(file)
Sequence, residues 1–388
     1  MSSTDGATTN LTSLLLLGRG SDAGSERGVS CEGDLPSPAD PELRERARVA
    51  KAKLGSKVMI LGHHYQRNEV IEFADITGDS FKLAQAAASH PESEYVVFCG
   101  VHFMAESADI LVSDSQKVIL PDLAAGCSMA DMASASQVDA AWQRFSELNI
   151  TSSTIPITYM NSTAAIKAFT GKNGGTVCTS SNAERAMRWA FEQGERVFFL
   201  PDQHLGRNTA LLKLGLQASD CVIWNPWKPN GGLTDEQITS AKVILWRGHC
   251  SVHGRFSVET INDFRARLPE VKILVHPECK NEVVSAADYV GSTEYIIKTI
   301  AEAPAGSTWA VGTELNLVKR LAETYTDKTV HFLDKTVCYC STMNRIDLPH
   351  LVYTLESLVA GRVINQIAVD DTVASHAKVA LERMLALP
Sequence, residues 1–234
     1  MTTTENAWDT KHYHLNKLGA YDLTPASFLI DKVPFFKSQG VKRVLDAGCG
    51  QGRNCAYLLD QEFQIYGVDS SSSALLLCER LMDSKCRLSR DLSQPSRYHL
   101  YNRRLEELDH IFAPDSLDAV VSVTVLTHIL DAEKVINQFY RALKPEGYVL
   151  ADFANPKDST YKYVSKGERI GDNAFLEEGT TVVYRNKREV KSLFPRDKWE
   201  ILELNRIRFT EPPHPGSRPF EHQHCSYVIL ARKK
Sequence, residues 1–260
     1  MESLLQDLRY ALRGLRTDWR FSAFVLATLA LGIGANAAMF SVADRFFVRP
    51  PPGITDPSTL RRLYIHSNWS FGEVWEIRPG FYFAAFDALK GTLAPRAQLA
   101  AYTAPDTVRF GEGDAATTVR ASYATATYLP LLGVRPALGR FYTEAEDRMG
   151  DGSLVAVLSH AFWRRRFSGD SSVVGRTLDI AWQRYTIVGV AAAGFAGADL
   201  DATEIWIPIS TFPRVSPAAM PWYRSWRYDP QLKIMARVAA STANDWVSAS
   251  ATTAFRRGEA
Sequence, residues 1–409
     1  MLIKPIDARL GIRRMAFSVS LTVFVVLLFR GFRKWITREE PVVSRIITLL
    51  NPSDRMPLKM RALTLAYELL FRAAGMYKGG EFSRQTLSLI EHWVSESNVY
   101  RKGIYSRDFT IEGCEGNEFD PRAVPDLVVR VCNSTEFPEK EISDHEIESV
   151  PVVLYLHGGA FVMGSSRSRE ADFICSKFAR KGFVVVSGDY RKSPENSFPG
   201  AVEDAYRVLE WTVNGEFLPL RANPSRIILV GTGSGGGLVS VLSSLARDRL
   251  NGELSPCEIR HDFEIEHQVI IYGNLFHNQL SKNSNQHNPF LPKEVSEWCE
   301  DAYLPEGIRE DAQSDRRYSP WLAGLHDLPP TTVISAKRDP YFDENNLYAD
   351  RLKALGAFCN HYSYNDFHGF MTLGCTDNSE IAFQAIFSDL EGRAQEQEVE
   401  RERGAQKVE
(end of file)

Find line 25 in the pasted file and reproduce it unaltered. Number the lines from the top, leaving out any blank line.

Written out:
    51  NPSDRMPLKM RALTLAYELL FRAAGMYKGG EFSRQTLSLI EHWVSESNVY